Make Ends Meet: What you should know on bank failures

The world of banking can be confusing and complicated, so when something goes wrong, panic can spread like wildfire.
Published: Mar. 29, 2023 at 5:11 PM EDT
Email This Link
Share on Pinterest
Share on LinkedIn

LOUISVILLE, Ky. (WAVE) - The world of banking can be confusing and complicated, so when something goes wrong, panic can spread like wildfire.

With the sudden collapse of Silicon Valley Bank in March, Signature Bank customers got spooked enough to quickly withdraw $10 billion in deposits, leading to the third-largest bank failure in U.S. history.

Financial planner and investment advisor Marcus Warren of Warren Wealth Management and Tax Planning said there is a lot to learn from what’s happening now.

“Most people don’t understand how banks work.” Warren said.

Most understand basic checking and savings and the concept of doing our best to keep what goes in balanced with what we take out.

However, when the news of a bank failing spreads across the country or the world, panic can easily spread even if it wasn’t their own bank.

“In the last 10 years, 73 banks have failed,” proclaimed Warren.

Bank failures aren’t that uncommon; a few typically happen each year.

“A lot of times it’s done under the radar because you’ll see that you were banking at First Trust and now it’s Called First Republic,” Warren said. “That First Trust could have been on the brink. The Fed came in and looked at those books, you’re insolvent, we’re gonna facilitate another bank to take over and now that bank is called something else.”

Warren said if you’re wondering if the Federal Reserve’s interest rate hikes caused the latest bank failures you can rest assure they are not to blame.

“They did not,” Warren said when it came to pointing the finger at the Federal Reserve. “People are trying to find someone to blame and of course the Fed, they do blame them for raising interest rates so high.”

Interest rates doomed Silicon Valley Bank after it took a lot of the billions it made on loans and investments and then put it into what is usually a pretty safe bet: U.S. government bonds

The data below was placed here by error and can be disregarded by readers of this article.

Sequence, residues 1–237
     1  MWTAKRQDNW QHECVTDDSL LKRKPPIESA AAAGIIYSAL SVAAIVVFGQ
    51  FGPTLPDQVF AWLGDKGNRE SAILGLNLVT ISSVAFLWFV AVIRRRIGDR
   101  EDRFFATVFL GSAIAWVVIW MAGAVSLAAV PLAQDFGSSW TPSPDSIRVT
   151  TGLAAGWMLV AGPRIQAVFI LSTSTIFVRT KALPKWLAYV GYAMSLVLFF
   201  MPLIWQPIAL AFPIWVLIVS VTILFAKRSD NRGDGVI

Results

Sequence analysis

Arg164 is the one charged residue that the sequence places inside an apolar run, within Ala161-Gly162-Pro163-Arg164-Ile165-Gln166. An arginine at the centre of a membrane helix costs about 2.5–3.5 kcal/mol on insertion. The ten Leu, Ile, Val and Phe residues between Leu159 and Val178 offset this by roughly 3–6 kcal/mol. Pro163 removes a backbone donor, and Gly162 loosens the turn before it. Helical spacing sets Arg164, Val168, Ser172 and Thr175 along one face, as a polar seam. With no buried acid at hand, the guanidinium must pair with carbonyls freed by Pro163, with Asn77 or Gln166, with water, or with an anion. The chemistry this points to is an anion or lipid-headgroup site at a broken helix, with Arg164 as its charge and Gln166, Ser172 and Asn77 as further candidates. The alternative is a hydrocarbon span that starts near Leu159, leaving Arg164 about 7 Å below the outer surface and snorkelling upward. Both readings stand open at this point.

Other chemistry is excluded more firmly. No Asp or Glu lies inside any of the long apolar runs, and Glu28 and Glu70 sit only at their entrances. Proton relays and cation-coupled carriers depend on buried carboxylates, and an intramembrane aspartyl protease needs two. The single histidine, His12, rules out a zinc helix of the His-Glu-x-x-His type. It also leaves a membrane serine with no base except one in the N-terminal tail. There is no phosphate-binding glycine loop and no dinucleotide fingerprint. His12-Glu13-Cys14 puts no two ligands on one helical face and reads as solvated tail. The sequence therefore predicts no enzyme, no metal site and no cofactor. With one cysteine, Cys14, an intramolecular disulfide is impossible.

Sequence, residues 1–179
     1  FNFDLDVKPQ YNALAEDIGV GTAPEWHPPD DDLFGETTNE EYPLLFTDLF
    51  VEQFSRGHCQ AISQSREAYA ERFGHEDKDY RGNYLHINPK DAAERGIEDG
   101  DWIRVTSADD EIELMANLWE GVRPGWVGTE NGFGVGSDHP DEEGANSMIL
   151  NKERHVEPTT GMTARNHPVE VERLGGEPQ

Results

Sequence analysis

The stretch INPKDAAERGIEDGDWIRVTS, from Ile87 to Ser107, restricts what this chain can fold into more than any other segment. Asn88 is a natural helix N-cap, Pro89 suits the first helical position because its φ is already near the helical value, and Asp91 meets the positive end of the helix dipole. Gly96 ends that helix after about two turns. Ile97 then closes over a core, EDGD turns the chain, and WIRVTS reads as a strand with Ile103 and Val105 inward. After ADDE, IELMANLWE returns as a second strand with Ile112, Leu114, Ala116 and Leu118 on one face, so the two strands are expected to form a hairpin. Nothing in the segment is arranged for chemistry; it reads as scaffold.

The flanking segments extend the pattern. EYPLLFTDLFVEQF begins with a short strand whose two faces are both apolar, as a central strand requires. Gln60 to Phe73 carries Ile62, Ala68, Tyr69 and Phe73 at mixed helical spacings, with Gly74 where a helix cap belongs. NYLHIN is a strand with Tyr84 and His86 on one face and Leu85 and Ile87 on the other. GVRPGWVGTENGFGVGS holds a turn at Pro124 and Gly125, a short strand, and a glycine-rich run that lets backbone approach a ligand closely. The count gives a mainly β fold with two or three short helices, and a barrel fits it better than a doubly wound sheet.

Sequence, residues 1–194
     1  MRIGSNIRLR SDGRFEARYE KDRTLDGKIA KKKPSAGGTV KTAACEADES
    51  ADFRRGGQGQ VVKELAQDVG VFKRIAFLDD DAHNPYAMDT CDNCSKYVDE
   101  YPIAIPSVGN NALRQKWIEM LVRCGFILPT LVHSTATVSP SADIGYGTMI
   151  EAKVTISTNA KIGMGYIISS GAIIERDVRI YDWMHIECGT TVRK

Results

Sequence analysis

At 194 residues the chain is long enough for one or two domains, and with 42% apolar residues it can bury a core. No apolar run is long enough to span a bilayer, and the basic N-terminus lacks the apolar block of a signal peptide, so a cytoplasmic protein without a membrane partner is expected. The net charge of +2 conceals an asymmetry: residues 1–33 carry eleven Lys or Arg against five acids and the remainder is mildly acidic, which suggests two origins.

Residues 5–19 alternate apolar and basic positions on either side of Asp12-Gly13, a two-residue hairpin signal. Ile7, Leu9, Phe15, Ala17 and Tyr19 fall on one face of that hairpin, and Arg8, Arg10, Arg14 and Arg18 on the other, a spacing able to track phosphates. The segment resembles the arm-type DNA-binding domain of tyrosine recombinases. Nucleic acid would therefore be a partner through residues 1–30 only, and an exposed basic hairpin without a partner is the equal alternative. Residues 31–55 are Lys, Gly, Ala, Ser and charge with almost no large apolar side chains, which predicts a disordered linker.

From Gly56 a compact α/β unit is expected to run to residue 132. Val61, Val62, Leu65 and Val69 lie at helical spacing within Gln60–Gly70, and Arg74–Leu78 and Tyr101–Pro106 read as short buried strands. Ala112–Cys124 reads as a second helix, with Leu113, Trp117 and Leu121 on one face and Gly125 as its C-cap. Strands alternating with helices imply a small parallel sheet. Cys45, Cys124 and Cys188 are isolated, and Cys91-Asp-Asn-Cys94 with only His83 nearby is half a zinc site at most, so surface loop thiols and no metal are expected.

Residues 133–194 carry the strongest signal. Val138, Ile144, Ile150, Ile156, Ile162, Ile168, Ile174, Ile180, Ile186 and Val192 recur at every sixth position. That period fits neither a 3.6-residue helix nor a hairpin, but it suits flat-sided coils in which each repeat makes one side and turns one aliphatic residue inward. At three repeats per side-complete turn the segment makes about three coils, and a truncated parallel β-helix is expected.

“U.S. Treasury bonds and interest rates have an inverse relationship so as interest rates go up the value of those bonds go down,” Warren said.

The rates climbed and Silicon Valley Banks bonds tumbled.

“A tweet went out with one of the venture capitalist firms that said hey there’s some issues going on at the bank,” Warren said. “We’re going to pull our deposits. You should do the same. There’s not a financial institution or bank right now that if everybody came to get their deposits all at the same time that wouldn’t be in danger of failing because they don’t have the money there sitting in the vault ready to go. They have it all tied up in investments and loans.”

Even with the bank failures we have seen this year and in the past that doesn’t mean your money isn’t safe even if the bank fails.

“All U.S. banks have what’s called FDIC insurance, Federal Deposit Insurance Corp.,” Warren said. “They insure up to $250,000 per depositor.”

Your Credit Union is insured by the National Credit Union Administration making them just as safe as banks.

“You don’t have to grab a shovel and bury it in a hole in the backyard and take your money and shove it in a mattress,” Warren said. “You can keep it in the bank.”

The FDIC insures depositors up to $250,000. If a company or a depositor has more than $250 thousand dollars in the bank, the government does its best to facilitate the sale of that bank so that everyone is made whole.

The loans and investments made by the bank with our money are what make the community function on a daily basis. It’s a delicate dance, but most of the time it works.